A little girl wearing a lace dress sits on a cement post and poses at the Homer & Company studio in Boston, Massachusetts. She is wearing a necklace and a bewildered expression. Research yielded very little information about the photographer who produced this cabinet card. It is known that the photographer was named George H. Homer and that he actively operated his studio between 1883 and 1885. He also may have worked as a photographer in other years.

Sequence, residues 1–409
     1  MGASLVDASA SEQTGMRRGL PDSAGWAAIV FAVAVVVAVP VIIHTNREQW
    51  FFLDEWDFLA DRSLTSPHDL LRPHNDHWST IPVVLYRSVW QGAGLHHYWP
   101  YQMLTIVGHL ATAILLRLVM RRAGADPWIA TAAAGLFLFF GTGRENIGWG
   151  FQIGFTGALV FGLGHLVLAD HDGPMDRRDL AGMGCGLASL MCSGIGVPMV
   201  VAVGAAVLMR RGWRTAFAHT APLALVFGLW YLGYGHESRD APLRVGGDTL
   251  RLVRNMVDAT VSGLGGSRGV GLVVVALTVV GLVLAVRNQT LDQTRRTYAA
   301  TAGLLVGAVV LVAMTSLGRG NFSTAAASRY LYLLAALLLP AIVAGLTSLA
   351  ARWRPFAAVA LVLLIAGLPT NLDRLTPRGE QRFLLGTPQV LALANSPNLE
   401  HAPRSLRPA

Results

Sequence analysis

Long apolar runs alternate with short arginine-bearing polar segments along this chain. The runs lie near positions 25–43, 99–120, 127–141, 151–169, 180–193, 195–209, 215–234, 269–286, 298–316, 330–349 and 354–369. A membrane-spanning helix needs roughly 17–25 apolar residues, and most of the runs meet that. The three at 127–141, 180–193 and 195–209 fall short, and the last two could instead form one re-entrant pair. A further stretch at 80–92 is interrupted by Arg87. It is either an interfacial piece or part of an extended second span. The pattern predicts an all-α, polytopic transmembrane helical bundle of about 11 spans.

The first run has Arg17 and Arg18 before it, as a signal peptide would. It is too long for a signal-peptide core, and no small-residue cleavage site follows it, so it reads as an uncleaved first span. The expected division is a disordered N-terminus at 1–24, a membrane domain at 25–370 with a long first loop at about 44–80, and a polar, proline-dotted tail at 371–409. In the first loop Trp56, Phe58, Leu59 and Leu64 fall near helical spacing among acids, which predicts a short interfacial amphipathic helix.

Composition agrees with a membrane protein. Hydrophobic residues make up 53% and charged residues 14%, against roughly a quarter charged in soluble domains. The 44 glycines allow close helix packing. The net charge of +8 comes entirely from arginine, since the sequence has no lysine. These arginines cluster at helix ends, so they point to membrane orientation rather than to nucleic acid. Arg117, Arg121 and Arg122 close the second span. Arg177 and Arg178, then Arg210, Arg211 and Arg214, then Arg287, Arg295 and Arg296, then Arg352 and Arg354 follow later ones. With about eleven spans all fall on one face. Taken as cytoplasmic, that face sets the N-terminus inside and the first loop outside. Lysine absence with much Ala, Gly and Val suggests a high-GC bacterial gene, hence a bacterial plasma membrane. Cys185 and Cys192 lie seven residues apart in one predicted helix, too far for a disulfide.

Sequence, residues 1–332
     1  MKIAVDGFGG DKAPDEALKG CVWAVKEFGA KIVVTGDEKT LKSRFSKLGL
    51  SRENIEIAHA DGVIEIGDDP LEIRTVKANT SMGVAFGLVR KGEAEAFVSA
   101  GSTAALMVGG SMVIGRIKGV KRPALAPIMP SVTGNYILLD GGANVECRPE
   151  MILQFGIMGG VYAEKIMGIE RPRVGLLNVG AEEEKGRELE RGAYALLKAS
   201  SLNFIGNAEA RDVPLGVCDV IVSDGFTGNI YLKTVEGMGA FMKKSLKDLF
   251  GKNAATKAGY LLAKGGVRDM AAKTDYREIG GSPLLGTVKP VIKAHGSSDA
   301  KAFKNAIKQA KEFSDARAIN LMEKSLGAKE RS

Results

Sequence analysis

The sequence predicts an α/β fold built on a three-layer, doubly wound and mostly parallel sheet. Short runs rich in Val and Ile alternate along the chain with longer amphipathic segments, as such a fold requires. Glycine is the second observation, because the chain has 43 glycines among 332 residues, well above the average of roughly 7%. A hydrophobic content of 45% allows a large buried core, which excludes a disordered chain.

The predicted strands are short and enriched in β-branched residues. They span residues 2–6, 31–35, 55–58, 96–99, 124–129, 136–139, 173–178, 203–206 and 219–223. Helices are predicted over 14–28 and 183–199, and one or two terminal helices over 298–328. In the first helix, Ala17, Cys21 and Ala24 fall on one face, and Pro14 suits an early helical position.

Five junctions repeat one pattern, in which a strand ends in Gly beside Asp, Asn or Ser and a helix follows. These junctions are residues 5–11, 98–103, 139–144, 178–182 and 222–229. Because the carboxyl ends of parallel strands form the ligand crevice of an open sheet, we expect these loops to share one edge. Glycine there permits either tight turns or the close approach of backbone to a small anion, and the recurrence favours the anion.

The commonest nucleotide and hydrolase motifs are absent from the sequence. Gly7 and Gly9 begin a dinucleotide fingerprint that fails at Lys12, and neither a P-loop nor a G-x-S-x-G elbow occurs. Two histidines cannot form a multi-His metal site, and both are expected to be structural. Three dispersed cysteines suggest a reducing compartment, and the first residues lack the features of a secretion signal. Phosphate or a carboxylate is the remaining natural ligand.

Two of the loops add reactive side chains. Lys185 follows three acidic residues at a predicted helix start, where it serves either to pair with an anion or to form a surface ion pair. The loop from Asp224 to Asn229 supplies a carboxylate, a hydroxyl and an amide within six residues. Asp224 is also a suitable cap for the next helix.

This cabinet card features stage and film actress Mabel Trunnell (1879-1981). The reverse of the photograph is inscribed “Yours Truly, Mabel Trunnell 1898”. Therefore, this image captures Miss Trunnell at about age nineteen. Mabel Trunnell was born in Dwight, Illinois. She began her career as an actress of the stage but at age thirty-two she began to appear in films. In 1911 she appeared in “A Modern Cinderella, In the Days of Chivalry” and in “The Star Spangled Banner”. Her last film was in 1923 when she was in the movie “The Love Trap”. Her filmography on IMDb indicates that she acted in 199 different films. At the age of forty-four she returned to the stage. She was married to Herbert Prior, an early British film star. Trunnell was one of Hollywood’s first movie stars as was identified with Edison Studios. A magazine article in “The Moving Picture World” (1915) reviews one of her performance. The reviewer wrote “Mabel Trunnell becomes more attractive as the course of time silvers her hair”. An interesting sociological comment was also made by the reviewer which was in regard to the admirable strength portrayed by Trunnell’s character. The reviewer notes “most of us are tired of seeing women pictured as incurable weaklings”. The reviewer was certainly a man who was ahead of his time. This cabinet card was produced by the Barrows studio in Fort Wayne, Indiana. It appears that Miss Trunnell was photographed in a costume from one of her performances. She is dressed very much like a maid and seems a bit troubled in her pose. The photographer, Frank Rufus Barrows operated a studio in Fort Wayne between 1880 and 1900. He is considered one of the city’s most prolific photographers and had several locations while in business there. He was born in Sturgis, Michigan in 1854. He came to Fort Wayne in 1880 and partnered with Frank H. Clayton in operating a photographic studio. In about a years time he became the sole proprietor of the studio. He had many photos appear in Fort Wayne Illustrated (1897). He left Indiana for Medford, Massachusetts and operated a studio there until 1910 when he moved to Eugene, Oregon where he died in 1920.